KARACHI: Amid a dispute between industrialists and the Sindh Environment Protection Agency (Sepa) over the construction of effluent treatment plants, the losers are the citizens and the environment.
Industrialists in Karachi have threatened to shut down their industries in the city and eventually move them abroad if Sepa does not stop the action against them.
In the last month-and-a-half, the environmental watchdog shut down 30 industries and issued notices to 300 others for lack of treatment plants and releasing untreated effluent and wastewater directly into the Lyari River.
Industrialists decry SEPA’s action against factories
According to Jawed Bilwani, spokesperson of the All Karachi Industries Association, industrialists are ready to cooperate with the government but believe the treatment meted out to them is very harsh.
Responding to a question about installing effluent treatment plants at each factory, Bilwani told The Express Tribune that the Sindh government had already announced construction of four Combined Effluent Treatment Plants (CETPs) in SITE, Korangi, North Karachi and the Super Highway. He said the PC-1 was prepared at the start of 2016 at a cost of Rs11 billion.
However, if industrialists install effluent treatment plant themselves, which are costly and require a lot of space, and later the government also installs their announced CETPs then our investment will go to waste, he said.
Bilwani said it is better for the government to install these plants on their own or at least inform industrialists whether or not they plan to do it. These laws are new, while our industries are older than the creation of Pakistan therefore it will take time for us to adjust with new law, he added.
Hyderabad hospital gets ‘closure orders’ for flouting environmental protection laws
Sepa’s action against industries has been spurred by the Supreme Court.
According to National Forum for Environment and Health (NFEH) president Muhammad Naeem Qureshi, the citizens are suffering due to the negligence of both industrialists and the Sindh government.
He added that this is the time for the government to draw a line and announce the construction of their own treatment plant or else bind industrialists to install their own.
What Sepa is doing is just saving itself from the Supreme Court so that during the course of the hearing it will be able to show its performance, he claimed. They should focus on long-term planning but that is never their priority, lamented Qureshi.
Saving The Environment: Ghotki DC inaugurates plantation drive
Fifty million gallons of sewerage is being dumped into the sea daily and we have turned this blue water black, he said, adding that the dark grey sand of Clifton beach is an example of this.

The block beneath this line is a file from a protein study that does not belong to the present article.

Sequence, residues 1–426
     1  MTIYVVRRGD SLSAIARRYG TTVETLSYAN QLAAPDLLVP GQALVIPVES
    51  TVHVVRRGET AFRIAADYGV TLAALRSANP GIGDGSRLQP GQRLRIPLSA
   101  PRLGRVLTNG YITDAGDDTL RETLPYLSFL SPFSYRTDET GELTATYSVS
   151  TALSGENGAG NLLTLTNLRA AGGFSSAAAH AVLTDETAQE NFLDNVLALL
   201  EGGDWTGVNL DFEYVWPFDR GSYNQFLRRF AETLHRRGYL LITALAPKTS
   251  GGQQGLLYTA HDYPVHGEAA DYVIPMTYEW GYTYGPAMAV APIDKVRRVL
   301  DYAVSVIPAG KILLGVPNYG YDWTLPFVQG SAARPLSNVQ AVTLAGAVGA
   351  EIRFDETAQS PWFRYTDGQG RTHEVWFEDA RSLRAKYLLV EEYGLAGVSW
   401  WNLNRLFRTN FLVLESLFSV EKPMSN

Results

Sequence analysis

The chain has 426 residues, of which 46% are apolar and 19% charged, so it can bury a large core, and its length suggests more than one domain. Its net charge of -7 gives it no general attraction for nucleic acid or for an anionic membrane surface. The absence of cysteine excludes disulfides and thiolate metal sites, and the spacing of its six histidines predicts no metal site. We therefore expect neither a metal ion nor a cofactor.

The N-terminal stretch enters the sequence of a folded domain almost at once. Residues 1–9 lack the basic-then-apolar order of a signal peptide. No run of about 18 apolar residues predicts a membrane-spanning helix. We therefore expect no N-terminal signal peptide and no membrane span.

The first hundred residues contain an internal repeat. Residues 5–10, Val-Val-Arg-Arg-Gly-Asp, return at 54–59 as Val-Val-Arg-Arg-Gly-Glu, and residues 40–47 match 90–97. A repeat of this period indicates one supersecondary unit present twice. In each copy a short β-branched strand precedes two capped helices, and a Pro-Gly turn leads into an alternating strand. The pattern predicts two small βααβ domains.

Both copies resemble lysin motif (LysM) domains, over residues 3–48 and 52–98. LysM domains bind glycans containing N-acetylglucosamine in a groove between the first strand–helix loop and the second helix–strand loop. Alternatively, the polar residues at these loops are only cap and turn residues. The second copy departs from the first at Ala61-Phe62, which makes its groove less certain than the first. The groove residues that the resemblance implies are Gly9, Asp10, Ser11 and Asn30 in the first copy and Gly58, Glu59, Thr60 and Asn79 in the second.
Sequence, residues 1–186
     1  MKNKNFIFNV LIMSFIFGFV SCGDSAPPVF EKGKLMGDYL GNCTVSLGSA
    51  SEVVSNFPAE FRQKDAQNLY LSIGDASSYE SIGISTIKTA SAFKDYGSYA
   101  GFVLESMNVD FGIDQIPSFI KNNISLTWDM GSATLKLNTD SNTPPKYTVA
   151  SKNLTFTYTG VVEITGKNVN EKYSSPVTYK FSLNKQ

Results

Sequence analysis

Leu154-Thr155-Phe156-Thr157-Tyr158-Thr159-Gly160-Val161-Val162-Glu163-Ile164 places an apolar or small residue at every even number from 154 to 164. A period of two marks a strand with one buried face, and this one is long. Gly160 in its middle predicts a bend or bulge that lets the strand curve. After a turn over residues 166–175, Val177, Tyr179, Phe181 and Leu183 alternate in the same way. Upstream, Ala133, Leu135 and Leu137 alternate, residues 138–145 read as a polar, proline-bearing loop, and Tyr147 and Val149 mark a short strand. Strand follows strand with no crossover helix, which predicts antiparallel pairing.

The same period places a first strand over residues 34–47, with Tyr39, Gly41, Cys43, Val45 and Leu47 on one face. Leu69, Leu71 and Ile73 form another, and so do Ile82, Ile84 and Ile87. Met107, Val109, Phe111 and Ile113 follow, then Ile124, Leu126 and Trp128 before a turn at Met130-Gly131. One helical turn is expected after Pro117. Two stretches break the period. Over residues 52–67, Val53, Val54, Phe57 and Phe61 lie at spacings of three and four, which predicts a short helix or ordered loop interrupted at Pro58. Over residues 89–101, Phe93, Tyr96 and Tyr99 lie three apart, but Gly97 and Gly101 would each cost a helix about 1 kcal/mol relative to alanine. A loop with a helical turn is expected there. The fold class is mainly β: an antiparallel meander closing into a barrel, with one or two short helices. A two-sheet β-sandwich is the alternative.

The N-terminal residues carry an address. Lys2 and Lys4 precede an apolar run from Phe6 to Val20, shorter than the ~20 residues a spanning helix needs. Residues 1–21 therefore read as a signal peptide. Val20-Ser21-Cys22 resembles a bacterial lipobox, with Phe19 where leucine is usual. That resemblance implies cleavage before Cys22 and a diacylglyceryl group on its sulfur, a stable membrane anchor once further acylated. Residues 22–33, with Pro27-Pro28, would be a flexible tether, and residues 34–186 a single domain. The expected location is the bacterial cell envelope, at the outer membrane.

He pointed out the dearth of marine life within a 20 nautical mile radius of the beach, adding that this is affecting the seafood business and the ecosystem. It could reach a 50 nautical mile radius if we continue to ignore it, he warned.
Sepa’s director-general said that they are taking action against the industries who continue to spread pollution in the city. He added that a few industrialists are ready to install effluent treatment plants but those who are not willing have to come under the law.
He added whatever action Sepa has taken is according to the powers conferred to it under Section 21 of the Sindh Environmental Protection Act, 2014.
Talking about the CETPs, he said the government will work on its end but there is a major responsibility on the industrialists as well. He said the CETP construction is in process.
Winds of change: ‘Climate change leading to environmental disasters’
Rift between two governments
According to Karachi Water and Sewerage Board official Saleem Siddiqui, who, along with ministry of industries developed the PC-1 of the proposed CETPs, the Sindh government is very keen to take up the project but there are some delays from the federal government.
On the other hand, industries secretary Abdul Raheem Soomro said the project is supposed to be initiated on a 50/50 basis as its cost is going to be shared by Sindh and federal governments.
He added that the project is supposed to be completed in three years but judging by the federal government’s attitude, they are unconcerned about a city that earns them trillions annually.
He said the project file was forwarded five months ago and has been lying with climate change secretary Abu Akif, who is supposed to forward it to the Central Development Working Party (CDWP) which comes under the federal ministry of planning, development and reform.